We extend the literature on accountability in an experimental setting to examine the influence of formal accountability, individual-level perceived accountability and their interactions on accountants’ aggressive judgements in China. Individual-level perceived accountability is based on the phenomenological perspective, which recognises that its intrinsic nature is derived from multiple sources known as the ‘web of accountabilities’ in socialisation processes. Researchers suggest that perceived accountability is fidelity to ‘personal conscience’ in individuals’ moral values and their internal sense of moral obligations. Our findings show that when formal accountability was imposed, accountants were not aggressive in making their reporting judgements, irrespective of their scores on perceived accountability measures. In contrast, when formal accountability was not imposed, accountants who scored higher (lower) on perceived accountability measures were less (more) aggressive in making reporting judgements. Our results further show that imposition of formal accountability is not equally important in influencing the judgements of accountants who scored higher on perceived accountability measures and those who scored lower on those measures. Our findings have implications for determining which accountability frameworks could be developed to assist global standard setters, national regulators and organisations, including accounting firms, constrain aggressive financial reporting so as to improve financial reporting quality.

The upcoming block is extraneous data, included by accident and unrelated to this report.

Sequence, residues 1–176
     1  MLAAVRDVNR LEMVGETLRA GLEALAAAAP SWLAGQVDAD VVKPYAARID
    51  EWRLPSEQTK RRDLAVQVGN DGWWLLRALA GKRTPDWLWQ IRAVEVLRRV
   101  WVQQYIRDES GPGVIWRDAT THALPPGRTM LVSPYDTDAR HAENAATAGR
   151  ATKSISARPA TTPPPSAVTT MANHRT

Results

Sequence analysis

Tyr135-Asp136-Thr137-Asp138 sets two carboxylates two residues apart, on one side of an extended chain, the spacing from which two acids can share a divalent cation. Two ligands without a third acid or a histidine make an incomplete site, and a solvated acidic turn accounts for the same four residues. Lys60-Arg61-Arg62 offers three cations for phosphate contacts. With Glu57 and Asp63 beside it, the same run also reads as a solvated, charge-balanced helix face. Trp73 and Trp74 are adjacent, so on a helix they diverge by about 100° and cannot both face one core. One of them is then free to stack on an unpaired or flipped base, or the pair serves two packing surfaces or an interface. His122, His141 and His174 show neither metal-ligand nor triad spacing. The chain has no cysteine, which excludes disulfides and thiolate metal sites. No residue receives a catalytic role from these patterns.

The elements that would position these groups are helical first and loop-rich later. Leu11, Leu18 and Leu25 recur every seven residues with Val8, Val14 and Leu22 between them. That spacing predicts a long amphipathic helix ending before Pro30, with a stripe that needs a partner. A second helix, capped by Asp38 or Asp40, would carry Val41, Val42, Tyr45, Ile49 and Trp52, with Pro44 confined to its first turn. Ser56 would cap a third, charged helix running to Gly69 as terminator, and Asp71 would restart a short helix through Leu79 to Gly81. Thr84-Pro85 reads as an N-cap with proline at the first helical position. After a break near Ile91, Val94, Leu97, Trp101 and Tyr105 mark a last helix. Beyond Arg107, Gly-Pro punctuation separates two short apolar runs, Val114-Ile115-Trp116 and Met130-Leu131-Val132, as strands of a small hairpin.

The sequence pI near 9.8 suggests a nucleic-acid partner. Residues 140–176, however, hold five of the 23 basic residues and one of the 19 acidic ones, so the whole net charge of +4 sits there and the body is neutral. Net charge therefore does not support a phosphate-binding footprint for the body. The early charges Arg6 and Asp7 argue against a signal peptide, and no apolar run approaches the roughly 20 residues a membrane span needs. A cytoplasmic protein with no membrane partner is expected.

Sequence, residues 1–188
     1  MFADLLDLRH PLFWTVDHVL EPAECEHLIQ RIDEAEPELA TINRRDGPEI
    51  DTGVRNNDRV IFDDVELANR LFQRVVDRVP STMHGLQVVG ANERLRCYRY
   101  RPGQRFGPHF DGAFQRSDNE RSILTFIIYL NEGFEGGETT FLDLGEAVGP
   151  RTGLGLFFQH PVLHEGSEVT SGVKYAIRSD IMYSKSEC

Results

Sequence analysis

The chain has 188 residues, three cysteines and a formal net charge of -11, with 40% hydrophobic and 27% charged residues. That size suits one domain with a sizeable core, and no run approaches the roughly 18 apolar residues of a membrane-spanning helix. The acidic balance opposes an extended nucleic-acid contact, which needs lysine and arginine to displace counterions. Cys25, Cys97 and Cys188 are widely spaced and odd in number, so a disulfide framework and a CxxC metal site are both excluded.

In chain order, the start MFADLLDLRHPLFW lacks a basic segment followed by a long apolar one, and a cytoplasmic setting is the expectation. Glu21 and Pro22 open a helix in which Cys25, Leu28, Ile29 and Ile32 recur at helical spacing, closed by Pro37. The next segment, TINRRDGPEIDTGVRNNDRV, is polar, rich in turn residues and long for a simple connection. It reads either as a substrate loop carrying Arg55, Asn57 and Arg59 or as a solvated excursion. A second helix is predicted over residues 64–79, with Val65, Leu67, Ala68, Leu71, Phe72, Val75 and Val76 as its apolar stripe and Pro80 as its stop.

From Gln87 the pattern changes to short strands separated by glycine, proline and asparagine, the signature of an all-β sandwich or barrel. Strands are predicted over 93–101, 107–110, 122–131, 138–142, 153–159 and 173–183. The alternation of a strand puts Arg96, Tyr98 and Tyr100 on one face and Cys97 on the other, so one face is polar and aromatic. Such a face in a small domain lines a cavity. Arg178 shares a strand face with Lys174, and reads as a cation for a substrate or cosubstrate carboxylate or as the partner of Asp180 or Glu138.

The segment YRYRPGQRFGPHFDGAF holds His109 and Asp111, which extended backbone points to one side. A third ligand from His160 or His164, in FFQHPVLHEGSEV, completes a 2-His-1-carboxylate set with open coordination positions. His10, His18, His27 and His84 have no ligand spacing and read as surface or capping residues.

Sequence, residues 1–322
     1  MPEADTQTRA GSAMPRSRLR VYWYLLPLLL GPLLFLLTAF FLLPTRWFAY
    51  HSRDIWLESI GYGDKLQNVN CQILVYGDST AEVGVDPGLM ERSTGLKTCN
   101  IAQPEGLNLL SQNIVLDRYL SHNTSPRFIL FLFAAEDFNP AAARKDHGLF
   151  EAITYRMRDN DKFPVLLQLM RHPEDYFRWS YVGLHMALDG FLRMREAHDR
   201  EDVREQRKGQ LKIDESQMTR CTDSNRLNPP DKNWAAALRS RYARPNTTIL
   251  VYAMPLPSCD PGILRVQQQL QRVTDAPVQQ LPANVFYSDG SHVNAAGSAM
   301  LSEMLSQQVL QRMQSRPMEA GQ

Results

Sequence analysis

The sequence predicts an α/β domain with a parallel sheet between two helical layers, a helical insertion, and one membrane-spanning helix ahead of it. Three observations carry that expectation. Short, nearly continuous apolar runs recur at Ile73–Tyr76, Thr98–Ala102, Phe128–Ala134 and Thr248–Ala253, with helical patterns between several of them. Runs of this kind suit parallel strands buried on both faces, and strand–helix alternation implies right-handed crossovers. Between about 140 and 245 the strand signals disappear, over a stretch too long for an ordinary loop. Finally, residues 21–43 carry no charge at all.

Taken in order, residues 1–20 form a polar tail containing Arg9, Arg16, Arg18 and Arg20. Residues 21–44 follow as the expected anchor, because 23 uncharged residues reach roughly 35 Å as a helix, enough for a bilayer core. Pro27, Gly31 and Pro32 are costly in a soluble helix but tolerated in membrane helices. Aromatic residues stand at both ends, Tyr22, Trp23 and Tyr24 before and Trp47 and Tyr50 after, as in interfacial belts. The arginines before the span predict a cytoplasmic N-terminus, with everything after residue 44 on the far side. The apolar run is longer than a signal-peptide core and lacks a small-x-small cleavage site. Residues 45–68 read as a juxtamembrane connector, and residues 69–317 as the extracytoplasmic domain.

- aggressive reporting judgements
- formal accountability
- perceived accountability